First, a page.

The Enemy Within Campaign

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The Enemy Within campaign (commonly abbreviated to TEW) is a series of adventures for Warhammer Fantasy Roleplay (WFRP) and was originally published by Games Workshop in the late 1980s. Widely praised by fans of WFRP, including being voted the best RPG campaign of all time by Casus Belli magazine, the Enemy Within campaign has remained an important part of the game for more than 15 years.

History[edit]

The Enemy Within (1986-1989) was a set of linked scenarios published by Games Workshop for Warhammer Fantasy Roleplay that received notable acclaim as a well-detailed campaign that told a real story.[1]:49 The first adventure in the series was The Enemy Within (1986) by Jim Bambra, Phil Gallagher, and Graeme Davis, followed by: Shadows Over Bögenhafen (1987) by Davis, Bambra, and Gallagher; Death on the Reik (1987) by Gallagher, Bambra, and Davis; Power Behind the Throne (1988) by Carl Sargent, Something Rotten in Kislev (1989) by Ken Rolston with Graeme Davis, and Empire in Flames (1989) by Sargent.[2]

Shadows Over Bögenhafen (1995) from Hogshead Publishing was the first in a series reissuing GW's well-respected "Enemy Within" campaign; the updated Enemy Within campaign (1995-1999) was very well received.[1]:305

Composition[edit]

This multi-part role playing adventure was made up of several linked adventures:

Throughout its publication by Games Workshop and, later, Hogshead Publishing, the individual adventures were variously bound and combined. Most often, The Enemy Within was bound together with Shadows Over Bogenhafen in a single volume. Power Behind the Throne was sometimes combined with City of Chaos (originally titled City of the White Wolf), a supplement covering the city of Middenheim in detail. Something Rotten in Kislev was quite a departure in terms of plot and style from the other parts of the campaign. It works as a side-quest where the characters are sent out of the Empire to take care of business at the Graf Todbringer's request. Its main purpose is to fill the gap between Power Behind the Throne, in which the Empire is threatened but still holding strong, and Empire in Flames, occurring an undertermined amount of time later, in which, as the title suggests, the Empire is about to crumble. Something Rotten in Kislev is thus meant to make this sudden context change more believable, since the characters were away for a while and did not receive news of the Empire during that time.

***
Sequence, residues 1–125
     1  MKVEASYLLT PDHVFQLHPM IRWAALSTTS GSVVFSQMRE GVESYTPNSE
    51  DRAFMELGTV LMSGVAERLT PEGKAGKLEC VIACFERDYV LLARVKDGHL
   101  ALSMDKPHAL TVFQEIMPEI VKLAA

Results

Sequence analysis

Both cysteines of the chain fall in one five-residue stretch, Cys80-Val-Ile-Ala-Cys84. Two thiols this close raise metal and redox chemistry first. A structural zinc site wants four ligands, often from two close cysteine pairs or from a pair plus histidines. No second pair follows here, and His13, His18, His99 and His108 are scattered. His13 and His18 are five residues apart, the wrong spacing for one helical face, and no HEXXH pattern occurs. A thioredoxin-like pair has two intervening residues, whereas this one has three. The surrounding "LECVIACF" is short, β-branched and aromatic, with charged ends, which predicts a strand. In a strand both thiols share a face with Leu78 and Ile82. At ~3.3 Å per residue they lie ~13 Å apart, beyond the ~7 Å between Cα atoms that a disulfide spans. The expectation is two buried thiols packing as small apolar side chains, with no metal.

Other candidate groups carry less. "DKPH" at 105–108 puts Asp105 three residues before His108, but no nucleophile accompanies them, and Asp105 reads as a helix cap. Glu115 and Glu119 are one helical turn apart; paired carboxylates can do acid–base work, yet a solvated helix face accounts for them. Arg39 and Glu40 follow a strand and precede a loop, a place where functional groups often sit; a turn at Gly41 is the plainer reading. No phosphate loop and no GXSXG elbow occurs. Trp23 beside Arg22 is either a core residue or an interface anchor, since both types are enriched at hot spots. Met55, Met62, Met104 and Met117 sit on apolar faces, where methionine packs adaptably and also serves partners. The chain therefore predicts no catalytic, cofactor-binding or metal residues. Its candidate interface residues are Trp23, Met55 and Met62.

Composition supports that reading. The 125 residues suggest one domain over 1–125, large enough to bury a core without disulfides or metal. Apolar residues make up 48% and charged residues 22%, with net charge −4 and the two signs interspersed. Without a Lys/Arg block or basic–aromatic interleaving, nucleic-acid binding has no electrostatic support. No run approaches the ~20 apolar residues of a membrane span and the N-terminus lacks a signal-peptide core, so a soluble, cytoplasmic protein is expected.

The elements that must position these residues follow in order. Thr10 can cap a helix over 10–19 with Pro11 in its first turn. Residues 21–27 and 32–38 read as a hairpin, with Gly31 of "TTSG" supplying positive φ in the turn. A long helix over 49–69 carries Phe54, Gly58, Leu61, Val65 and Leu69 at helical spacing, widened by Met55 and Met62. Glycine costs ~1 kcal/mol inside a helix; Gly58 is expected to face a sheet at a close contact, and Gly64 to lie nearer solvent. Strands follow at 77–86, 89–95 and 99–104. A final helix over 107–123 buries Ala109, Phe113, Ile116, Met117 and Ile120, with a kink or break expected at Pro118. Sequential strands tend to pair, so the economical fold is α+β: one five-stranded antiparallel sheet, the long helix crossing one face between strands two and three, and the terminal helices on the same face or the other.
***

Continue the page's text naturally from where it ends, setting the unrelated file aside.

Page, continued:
The first four episodes of The Enemy Within were generally regarded as the most popular and successful. Something Rotten in Kislev departed significantly from the theme and setting of the previous adventures in the series, while Empire in Flames was viewed by many fans as being an unsatisfactory resolution of the plots developed in the earlier episodes, as well as being considerably more linear than the previous volumes.

When Hogshead Publishing held the Warhammer Fantasy Roleplay license, a new ending for the campaign, entitled Empire in Chaos, was created to replace the unpopular Empire in Flames. The project was abandoned when Hogshead returned the WFRP license to Games Workshop in 2002, but fan-produced alternatives such as Empire At War continue.

References[edit]

  1. ^ a b Shannon Appelcline (2011). Designers & Dragons. Mongoose Publishing. ISBN 978-1-907702-58-7. 
  2. ^ Schick, Lawrence (1991). Heroic Worlds: A History and Guide to Role-Playing Games. Prometheus Books. p. 231-233. ISBN 0-87975-653-5.